Everything about multiple pregnancies is different from the singleton pregnancy. Carrying twins or triplets means a few things; frequent ultra-sound scans and more medical check-ups to monitor your babies’ growth and development and making some changes in your diet. This means that you should eat well now that your requirements for certain nutrients will need to double or even treble.Your plate should comprise of 40 per cent carbohydrates, 40 per cent fat and 20 per cent protein with low glycaemic index to stabilise blood sugar levels within your body and provide your growing babies with continuous supply of energy.
Folic acid is the first nutrient that the doctor will ask you to increase. Do this by eating plenty of fruits and leafy vegetables especially spinach because they play an important role in preventing neural tube and birth defects such as spina bifida. The other advantage of eating plenty of fruits and vegetables is that their succulence keeps you hydrated and their high fibre content ensures you do not get constipated.
Eat sufficient amounts of proteins. Your body will use it to build the uterine muscle fibre and increase blood volumes required by the two or more babies in your womb. Beef, pork, turkey, chicken, nuts, milk and cheese are some of the healthy sources. Proteins also prevent pre-eclampsia (which leads to high blood pressure, oedema and presence of protein in urine), gestational diabetes and preterm labour.
Iron levels tend to drop naturally during pregnancy and it drops further in multiple pregnancies making you prone to maternal anaemia. You will need between 30 and 60 milligrams of iron daily throughout your pregnancy. Your doctor might put you on iron supplements just to make sure that your blood levels do not go down. Foods such as red meat and dried fruit are good for you.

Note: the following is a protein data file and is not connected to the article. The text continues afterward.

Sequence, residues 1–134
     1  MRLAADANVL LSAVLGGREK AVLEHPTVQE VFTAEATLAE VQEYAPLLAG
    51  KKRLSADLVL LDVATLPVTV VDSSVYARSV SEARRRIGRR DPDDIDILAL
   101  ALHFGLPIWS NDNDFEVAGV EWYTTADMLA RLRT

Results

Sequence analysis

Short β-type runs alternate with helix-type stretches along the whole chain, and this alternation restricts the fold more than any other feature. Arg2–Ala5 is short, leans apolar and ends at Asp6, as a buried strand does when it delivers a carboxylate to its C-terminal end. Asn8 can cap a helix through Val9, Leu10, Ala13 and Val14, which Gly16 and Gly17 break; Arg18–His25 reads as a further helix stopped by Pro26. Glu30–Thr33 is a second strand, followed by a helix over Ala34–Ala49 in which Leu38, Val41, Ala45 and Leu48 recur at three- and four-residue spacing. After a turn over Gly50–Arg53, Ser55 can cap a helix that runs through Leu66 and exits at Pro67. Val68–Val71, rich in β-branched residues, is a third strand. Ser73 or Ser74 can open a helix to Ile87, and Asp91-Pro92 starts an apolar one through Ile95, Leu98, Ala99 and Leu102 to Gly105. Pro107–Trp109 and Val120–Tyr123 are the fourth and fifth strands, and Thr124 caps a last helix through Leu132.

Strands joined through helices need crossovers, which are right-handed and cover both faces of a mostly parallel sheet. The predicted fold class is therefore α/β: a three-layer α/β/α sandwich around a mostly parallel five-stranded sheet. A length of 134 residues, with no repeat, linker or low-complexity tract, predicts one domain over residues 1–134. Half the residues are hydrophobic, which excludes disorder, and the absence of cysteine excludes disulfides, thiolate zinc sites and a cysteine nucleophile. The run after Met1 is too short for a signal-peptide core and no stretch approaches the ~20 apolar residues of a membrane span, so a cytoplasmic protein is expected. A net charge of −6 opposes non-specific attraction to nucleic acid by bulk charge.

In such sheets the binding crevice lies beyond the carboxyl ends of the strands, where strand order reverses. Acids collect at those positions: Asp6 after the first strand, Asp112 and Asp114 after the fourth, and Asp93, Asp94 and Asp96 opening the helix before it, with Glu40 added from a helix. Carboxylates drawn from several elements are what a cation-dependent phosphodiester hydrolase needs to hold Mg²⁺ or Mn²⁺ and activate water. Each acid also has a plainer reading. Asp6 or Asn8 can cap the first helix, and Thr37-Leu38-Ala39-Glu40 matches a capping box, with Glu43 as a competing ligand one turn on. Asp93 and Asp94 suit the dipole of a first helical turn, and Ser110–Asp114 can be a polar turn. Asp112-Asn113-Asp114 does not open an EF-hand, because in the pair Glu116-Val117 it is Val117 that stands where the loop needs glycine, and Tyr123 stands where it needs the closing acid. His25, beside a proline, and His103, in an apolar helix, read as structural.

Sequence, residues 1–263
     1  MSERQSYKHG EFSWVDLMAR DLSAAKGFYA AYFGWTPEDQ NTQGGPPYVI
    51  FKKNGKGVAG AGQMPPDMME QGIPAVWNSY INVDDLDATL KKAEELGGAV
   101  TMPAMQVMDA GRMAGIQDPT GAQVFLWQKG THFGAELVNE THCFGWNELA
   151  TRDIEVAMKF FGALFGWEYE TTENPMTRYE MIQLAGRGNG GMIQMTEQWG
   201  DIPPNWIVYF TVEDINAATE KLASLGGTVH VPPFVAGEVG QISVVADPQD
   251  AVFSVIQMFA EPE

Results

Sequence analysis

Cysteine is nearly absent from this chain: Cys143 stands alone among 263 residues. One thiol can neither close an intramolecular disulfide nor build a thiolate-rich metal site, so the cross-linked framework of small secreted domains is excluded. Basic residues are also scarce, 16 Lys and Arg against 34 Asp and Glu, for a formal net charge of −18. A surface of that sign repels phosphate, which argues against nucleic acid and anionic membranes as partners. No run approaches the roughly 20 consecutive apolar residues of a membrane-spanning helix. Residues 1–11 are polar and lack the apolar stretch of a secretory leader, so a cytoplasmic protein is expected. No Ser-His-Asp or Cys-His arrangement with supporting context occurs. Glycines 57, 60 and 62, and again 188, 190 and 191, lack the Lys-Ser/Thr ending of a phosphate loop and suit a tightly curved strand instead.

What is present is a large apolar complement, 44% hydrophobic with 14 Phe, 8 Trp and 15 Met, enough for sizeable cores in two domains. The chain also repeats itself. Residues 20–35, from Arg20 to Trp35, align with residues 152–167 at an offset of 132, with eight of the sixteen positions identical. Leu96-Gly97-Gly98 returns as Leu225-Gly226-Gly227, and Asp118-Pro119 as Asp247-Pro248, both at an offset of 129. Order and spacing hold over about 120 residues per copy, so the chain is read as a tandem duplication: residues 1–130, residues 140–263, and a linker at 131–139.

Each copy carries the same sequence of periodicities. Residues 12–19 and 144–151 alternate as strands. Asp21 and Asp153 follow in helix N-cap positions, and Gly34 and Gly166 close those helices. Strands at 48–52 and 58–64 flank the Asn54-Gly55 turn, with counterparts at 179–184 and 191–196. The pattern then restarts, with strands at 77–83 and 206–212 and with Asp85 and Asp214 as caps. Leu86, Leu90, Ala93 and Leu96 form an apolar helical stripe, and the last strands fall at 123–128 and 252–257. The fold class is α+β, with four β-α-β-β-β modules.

The frequent manufacture and repair of your body tissue and regulation of blood sugar levels will require you to increase your intake of foods rich in magnesium. Magnesium also builds strong bones and teeth for your babies. Maintaining adequate levels prevents the uterus from contracting too soon, a high possibility when you’re carrying more than one baby in the womb. The best food sources are pumpkin and sunflower seeds, wheat germ, unblanched almonds and yoghurt.
Sit in the morning sun to increase Vitamin D uptake by your body. Good levels of this vital vitamin will increase blood circulation in the placenta and aid in calcium absorption so that your babies will have improved bone mass at birth. A fortified cup of orange juice, soymilk and breakfast cereals, fatty fish like tuna, mackerel, and salmon, beef liver and egg yolks are good alternatives for you on a rainy or chilly morning.
For the sake of your bones get enough calcium during pregnancy. 1,500 to2,000 milligrams of calcium a day is the recommended dose for multiple pregnancies. This essential nutrient can reduce the severity and lower the risk of developing pre-eclampsia, low birth weight and preterm delivery, which are common disorders in multiple pregnancies. You may opt for yoghurt because it has a higher level of calcium compared to fresh milk.
Choose foods that give you the most nutritional value with the least servings and eat several smaller meals throughout the day.
Published on March 2014